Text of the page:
Reflections on inclusion in the Italian school: questionnaire models for teachers and parents. Childhood, Primary and Media

The Italian school we can say, calmly and sure not to be proven wrong, that as a whole it is a deep and uniquely inclusive reality. Social and territorial reality, of which all forms of support are coordinated with each other with great attention and responsibility. This is evident from the data from the numerous improvement plans that can be seen at the schools’ various institutional locations.

Make some reflections

But some data lead us to some reflections:

  • The feeling of being a “community” decreases at the different levels of the school;
  • Pupils’ motivation for school participation decreases and reaches a minimum peak in the final grades (eg at the end of the first and at the end of the second cycle);
  • The expectations that parents set for the school are partly neglected at the end of the school year;
  • Many teachers do not attribute an important role to education in relation to student diversity.

Strengthen the school’s inclusive identity

It would be necessary to strengthen the school’s inclusive identity, as Bruner confirms: “Learning is like a hanger: if you do not find the hook to hang your coat on, it falls to the ground”. This coat rack is the tool you need. But in order to function, we must, in synergy with local authorities and families, address some issues in an interdisciplinary and interdisciplinary manner, such as:

  • Environmental education to strengthen the sense of belonging to the territory and to the community;
  • Health and love education understood as “having a good time at school”, to prevent all forms of discrimination, including gender and respect for the “different”;
  • Education for citizenship, peace and civil coexistence to prevent forms of isolation and bullying;
  • Training in the proper use of new technologies.

Morin: “in the uncertainty of life, you teachers have a mission to see”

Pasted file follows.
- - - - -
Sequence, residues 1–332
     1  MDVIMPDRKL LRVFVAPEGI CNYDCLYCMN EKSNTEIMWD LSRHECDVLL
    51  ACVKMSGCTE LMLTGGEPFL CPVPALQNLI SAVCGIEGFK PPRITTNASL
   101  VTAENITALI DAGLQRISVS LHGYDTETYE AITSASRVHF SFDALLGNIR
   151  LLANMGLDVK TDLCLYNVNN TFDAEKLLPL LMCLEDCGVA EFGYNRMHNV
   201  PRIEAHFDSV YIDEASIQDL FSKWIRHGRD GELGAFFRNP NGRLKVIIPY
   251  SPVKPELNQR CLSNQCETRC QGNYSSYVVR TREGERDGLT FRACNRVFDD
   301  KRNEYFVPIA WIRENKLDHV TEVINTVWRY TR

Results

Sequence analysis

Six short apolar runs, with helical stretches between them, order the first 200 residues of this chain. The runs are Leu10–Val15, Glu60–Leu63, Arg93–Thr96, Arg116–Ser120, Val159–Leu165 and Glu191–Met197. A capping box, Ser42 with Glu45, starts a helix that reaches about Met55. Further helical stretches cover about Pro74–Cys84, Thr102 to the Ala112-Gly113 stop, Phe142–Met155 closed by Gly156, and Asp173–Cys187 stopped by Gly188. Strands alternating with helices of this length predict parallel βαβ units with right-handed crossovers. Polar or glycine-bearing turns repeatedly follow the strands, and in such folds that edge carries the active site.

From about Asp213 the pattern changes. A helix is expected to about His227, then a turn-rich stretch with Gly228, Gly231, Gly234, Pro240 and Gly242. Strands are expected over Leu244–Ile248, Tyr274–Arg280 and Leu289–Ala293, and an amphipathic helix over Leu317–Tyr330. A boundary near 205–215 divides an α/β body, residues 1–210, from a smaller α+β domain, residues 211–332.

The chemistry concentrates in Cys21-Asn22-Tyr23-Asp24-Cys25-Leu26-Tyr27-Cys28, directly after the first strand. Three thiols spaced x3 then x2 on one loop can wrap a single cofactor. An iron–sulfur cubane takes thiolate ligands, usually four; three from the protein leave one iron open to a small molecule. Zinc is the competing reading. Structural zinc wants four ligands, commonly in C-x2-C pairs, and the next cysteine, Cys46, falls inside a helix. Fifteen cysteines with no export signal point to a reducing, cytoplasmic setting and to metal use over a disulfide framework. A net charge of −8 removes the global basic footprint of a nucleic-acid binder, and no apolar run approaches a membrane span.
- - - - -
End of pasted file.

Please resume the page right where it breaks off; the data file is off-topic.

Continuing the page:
Edgar Morin says that “in the uncertainty of life, you teachers have a mission to see: to help students learn to live. Knowledge as a goal in itself is in fact useless, it must instead serve to live ».

Start, self-evaluation, planning of priorities and strategies, prioritization, review of the process

The phases of the self-evaluation and self-improvement process, proposed by the Free University of Bozen-Bolzano, include the following 5 phases:

Step 1: Get started

Decision to start Important to share:

  • idea of ​​inclusion
  • practical indications of the formal passage in the Board of Education turn out to be fundamental.

Phase 2: self-evaluation

The index indicators become the content of a self-evaluation tool that collects data on the perception of inclusion of members of the school community.

Phase 3: design of priorities and strategies

The most important thing is not to be afraid to make choices and therefore limit the relevant issues that arose in the self-evaluation.

Selection criteria:

  • the strength of the theme
  • dissemination of the issue
  • the relevance of the problem in the context.

Step 4: Make priorities

Maintain awareness of priorities and motivation for implementing strategies;

  • Clear and detailed planning;
  • Inform the people involved;
  • Ongoing evaluation.

Step 5: Review the process

Documentation analysis through:

  • Self-evaluation questionnaires;
  • Interviews with individual teachers and group interviews with the department’s teachers;
  • Conversations with student classes.

The questionnaires, the analysis of the results and the review of the RAV

The questionnaires – as stated in “Summary of the results of the self-evaluation questionnaires for the level of school inclusion perceived in the institute” by the Usini-Uri Comprehensive Institute, led by the school principal Prof. Luciano Sanna – are anonymous, the information they provide is used with the utmost respect for privacy and analyzed only in aggregate form, therefore as statistics. The answers are completely confidential and subject to statistical silence in accordance with Legislative Decree No 196/2003 “Code concerning the protection of personal data”. The questionnaires were administered in digital format to all components of the school: students, teachers, parents and ATA staff. The information determined from the analysis of the results will be crucial elements to be taken into account when reviewing the self-evaluation report for review and improvement proposals.

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